It was another rainy, windy day, but I wanted to ride my bike, so I bundled up and took the bike down the hill for some research with my lunch and then snaked my way through East Baltimore and past some of the city’s public housing developments. I just moved to Baltimore, like five seconds ago, so in my mind, the Inner Harbor has always been part of a fancy downtown, and in my experience, cities don’t put their public housing so close to the tourist areas. I’m reading a book for one of my classes that is making all of this make so much more sense, and my regular route looked much different with that history and present of all the struggles that people have undertaken and fought for fair housing solidly under my hat. As I tell my students, neighborhoods don’t look like they do by accident. I continued my ride under occasional spitting rain until I got to Patterson Park. I took a left instead of a right and exited the park at a new spot, and then I was somewhere I hadn’t been before–a bike riding win, and just what I needed. I hit Fayette and reoriented myself, and then took a right to check out this monument, dedicated to the United Spanish War Veterans 1898-1902–that’s a war I know pretty much nothing about, and this monument didn’t help. It seemed entirely out of place in this neighborhood, but that’s the thing with monuments–they can preserve a memory (though what that memory is won’t necessarily always be clear), but they don’t get to preserve their surroundings. And then the rain started pouring, so I pedaled as fast as I could to the grocery and then back home. It was wet and cold, but a bike ride was just what I needed.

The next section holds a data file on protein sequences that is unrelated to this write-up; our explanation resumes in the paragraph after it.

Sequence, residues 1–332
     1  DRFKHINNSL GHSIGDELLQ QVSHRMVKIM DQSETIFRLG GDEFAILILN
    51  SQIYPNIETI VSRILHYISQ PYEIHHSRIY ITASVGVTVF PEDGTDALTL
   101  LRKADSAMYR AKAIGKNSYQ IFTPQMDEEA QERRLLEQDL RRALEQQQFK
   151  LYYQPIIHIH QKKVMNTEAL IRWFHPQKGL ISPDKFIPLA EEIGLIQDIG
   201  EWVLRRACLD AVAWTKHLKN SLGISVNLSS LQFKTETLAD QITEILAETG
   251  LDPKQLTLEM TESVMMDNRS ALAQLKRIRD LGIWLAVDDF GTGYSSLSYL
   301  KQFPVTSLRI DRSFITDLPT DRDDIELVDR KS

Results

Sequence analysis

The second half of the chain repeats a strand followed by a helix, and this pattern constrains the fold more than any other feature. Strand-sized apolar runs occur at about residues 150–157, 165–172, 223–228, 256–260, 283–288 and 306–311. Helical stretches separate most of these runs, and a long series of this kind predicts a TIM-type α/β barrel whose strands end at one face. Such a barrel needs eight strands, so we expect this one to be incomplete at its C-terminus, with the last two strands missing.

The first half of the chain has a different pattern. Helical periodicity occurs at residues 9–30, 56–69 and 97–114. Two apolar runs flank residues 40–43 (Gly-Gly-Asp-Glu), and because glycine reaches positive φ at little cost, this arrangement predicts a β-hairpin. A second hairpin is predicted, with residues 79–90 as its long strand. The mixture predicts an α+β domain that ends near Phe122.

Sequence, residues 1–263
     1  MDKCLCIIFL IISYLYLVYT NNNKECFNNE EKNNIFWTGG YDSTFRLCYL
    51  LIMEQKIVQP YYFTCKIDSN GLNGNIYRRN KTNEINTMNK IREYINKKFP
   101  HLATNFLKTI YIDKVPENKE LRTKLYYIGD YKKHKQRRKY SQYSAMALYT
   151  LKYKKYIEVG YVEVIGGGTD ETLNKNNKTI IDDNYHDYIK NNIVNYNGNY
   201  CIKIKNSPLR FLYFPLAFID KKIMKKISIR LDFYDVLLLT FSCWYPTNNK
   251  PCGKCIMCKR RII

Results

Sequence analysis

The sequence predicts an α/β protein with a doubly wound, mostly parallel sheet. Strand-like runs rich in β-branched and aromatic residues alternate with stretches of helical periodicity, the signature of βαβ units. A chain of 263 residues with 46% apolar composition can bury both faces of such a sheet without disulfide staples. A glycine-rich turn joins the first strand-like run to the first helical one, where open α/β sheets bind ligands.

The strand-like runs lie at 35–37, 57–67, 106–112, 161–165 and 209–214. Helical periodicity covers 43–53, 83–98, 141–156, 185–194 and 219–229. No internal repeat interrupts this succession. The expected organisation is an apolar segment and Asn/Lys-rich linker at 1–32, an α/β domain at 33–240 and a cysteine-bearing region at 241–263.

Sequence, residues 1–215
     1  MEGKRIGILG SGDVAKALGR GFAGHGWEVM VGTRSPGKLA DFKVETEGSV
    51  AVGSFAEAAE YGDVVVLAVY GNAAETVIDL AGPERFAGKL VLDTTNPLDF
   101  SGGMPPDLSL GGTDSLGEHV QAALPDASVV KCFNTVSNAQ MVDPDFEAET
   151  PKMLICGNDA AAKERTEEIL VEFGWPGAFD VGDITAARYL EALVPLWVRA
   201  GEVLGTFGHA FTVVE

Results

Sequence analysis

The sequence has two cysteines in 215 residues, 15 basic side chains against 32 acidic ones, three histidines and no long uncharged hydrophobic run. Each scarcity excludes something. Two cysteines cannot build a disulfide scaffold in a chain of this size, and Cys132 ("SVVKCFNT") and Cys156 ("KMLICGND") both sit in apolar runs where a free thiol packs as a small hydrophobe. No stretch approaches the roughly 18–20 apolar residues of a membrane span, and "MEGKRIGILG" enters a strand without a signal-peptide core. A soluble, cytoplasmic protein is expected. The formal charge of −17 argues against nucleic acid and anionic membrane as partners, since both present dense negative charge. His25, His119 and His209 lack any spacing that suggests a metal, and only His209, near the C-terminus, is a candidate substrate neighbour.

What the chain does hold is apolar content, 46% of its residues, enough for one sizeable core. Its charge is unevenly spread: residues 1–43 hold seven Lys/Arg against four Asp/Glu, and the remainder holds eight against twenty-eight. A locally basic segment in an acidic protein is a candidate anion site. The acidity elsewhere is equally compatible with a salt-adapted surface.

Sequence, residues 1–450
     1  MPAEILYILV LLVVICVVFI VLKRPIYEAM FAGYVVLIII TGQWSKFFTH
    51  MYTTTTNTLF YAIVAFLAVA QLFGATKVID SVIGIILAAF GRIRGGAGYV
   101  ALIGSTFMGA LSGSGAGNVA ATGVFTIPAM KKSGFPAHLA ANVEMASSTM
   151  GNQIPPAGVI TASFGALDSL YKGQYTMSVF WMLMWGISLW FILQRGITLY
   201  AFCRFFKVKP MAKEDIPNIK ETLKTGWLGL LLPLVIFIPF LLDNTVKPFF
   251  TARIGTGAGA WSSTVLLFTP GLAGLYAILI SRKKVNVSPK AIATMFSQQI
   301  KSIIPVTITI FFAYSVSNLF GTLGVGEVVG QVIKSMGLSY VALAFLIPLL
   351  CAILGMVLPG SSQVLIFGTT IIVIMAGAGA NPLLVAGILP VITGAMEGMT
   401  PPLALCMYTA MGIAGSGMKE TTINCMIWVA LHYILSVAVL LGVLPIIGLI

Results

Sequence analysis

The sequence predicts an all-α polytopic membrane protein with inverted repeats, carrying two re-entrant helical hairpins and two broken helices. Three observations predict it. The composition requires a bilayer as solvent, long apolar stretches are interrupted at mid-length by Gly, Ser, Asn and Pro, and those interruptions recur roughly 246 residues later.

They don’t call it Monument City for nothing!
So much for remembering the Maine.
This look like the same monument that is in New Orleans. I have noticed like statues in various cities. Andrew Jackson on a rearing horse is another.